Andromeda galaxy(redirected from Andromeda (astronomy))
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Andromeda Galaxy, cataloged as M31 and NGC 224, the closest large galaxy to the Milky Way and the only one visible to the naked eye in the Northern Hemisphere. It is also known as the Great Nebula in Andromeda. It is 2.2 million light-years away and is part of the Local Group of several galaxies that includes the Milky Way, which it largely resembles in shape and composition, although the Milky Way is a barred spiral galaxy and Andromeda is a spiral galaxy. It has a diameter of about 165,000 light-years and contains at least 200 billion stars. Its two brightest companion galaxies are M32 and M110. The light arriving at earth from the Andromeda Galaxy is shifted toward the blue end of the spectrum, whereas the light from all other cosmic sources exhibits red shift.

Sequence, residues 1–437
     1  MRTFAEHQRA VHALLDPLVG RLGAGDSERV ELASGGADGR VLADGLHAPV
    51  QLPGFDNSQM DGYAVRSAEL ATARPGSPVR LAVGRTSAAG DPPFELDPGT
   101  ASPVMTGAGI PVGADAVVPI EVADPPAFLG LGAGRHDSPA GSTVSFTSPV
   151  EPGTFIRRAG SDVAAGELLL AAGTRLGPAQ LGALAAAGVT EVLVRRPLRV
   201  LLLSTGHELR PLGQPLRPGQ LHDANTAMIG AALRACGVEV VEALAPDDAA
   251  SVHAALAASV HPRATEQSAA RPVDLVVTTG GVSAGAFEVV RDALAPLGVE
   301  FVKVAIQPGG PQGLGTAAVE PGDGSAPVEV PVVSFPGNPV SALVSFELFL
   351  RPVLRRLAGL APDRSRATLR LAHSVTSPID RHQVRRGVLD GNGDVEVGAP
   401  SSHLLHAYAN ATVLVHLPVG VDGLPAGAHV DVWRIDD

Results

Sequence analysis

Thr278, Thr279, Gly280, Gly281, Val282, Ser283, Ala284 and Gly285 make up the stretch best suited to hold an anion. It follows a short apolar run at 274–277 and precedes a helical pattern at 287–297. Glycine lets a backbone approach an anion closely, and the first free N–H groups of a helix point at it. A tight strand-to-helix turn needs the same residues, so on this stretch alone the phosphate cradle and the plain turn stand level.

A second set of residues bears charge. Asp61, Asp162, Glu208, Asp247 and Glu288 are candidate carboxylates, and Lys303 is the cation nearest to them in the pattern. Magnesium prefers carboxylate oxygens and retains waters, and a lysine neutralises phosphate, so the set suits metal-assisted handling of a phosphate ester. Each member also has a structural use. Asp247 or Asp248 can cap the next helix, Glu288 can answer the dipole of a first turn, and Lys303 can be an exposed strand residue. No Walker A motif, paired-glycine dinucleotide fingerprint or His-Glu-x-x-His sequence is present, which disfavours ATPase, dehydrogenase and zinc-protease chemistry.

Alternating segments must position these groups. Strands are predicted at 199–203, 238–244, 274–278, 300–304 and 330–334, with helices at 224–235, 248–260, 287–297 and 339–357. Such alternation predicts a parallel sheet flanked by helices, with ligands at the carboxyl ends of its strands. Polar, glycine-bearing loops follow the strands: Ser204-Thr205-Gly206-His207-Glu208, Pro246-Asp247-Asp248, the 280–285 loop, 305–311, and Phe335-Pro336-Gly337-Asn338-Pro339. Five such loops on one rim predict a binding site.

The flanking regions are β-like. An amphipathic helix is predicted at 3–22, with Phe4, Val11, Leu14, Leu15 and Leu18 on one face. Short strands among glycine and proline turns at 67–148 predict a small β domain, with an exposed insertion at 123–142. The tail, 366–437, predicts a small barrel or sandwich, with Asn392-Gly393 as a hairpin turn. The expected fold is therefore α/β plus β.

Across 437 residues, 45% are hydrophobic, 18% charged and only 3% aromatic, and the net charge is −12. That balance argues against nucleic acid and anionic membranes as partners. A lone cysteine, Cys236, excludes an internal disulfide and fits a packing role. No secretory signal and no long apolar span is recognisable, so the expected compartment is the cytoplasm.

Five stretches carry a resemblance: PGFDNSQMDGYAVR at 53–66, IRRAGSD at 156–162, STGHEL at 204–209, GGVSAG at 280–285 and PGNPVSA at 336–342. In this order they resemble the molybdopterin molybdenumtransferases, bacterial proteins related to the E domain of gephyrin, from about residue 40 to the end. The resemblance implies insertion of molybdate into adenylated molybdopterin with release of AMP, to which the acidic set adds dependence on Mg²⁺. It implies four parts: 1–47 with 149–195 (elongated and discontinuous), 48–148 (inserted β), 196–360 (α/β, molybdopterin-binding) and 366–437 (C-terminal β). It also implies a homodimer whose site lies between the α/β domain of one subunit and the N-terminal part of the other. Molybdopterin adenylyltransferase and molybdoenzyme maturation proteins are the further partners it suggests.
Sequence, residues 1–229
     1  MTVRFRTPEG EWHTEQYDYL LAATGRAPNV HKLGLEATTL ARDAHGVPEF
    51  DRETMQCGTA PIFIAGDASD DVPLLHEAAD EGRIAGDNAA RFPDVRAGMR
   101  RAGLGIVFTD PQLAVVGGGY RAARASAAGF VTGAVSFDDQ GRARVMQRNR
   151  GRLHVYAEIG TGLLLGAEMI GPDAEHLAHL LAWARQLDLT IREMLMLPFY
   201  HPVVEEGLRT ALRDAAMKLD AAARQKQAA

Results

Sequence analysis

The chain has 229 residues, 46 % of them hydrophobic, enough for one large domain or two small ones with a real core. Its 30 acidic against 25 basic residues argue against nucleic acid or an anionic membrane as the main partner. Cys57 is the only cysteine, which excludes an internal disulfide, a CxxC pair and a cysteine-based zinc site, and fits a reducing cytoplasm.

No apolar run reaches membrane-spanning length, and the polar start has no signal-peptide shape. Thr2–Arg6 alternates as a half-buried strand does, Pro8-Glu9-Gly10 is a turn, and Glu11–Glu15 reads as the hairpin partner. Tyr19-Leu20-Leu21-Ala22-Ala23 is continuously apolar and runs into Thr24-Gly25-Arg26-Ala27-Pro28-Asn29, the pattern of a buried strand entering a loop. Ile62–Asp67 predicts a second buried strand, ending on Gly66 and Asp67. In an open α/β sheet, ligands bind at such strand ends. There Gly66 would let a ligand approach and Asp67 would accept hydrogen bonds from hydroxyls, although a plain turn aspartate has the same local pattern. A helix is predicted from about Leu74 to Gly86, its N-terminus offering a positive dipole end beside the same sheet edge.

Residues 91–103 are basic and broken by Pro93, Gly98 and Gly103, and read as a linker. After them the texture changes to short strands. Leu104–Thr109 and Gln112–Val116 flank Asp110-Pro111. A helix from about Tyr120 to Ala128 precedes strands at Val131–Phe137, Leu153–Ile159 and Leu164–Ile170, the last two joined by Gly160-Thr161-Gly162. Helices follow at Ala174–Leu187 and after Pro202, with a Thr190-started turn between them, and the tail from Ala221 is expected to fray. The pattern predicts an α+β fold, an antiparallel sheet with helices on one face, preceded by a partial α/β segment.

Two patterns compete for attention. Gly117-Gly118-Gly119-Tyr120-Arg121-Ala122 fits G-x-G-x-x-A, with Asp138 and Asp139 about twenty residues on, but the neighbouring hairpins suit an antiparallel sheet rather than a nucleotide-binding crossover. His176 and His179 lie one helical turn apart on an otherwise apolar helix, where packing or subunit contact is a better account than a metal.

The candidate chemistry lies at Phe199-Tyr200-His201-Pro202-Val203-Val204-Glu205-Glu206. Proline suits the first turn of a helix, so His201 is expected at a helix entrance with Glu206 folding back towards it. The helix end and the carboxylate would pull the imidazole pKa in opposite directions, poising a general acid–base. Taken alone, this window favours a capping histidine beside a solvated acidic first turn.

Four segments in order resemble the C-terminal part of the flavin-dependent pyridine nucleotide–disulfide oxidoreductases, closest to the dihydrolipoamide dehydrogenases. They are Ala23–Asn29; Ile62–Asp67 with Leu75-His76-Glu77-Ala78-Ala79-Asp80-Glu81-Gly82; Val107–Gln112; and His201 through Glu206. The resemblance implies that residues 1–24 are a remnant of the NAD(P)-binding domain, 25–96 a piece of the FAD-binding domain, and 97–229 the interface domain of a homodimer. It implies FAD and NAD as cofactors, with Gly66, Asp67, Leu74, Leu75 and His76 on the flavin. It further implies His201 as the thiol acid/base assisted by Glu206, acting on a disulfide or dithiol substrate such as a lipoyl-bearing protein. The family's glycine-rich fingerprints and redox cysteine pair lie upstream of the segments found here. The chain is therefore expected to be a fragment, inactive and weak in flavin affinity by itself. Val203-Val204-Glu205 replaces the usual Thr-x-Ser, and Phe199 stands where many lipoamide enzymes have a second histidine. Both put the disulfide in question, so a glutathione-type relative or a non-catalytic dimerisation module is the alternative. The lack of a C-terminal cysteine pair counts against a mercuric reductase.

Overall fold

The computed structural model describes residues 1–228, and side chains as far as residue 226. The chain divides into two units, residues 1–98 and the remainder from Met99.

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Andromeda galaxy(M31; NGC 224) The largest of the nearby galaxies, visible to the unaided eye as a faint oval patch of light in the constellation Andromeda. It is an intermediate (Sb) spiral (see Hubble classification), orientated at an angle of about 15° from the edge-on position, and has a bright elliptical-shaped nucleus. Its distance is currently estimated as 725 kiloparsecs (2.36 million light years). With a total luminosity roughly double that of our own Galaxy and an overall diameter of approximately 60 kiloparsecs, M31 is the largest of the established members of the Local Group. It has at least four elliptical satellites, including NGC 205 and NGC 221 (M32).
Collins Dictionary of Astronomy © Market House Books Ltd, 2006
Andromeda Galaxy[‚an′dräm·ə·də ′gal·ək·sē]
The spiral galaxy of type Sb nearest to the Milky Way. Also known as Andromeda Nebula.
McGraw-Hill Dictionary of Scientific & Technical Terms, 6E, Copyright © 2003 by The McGraw-Hill Companies, Inc.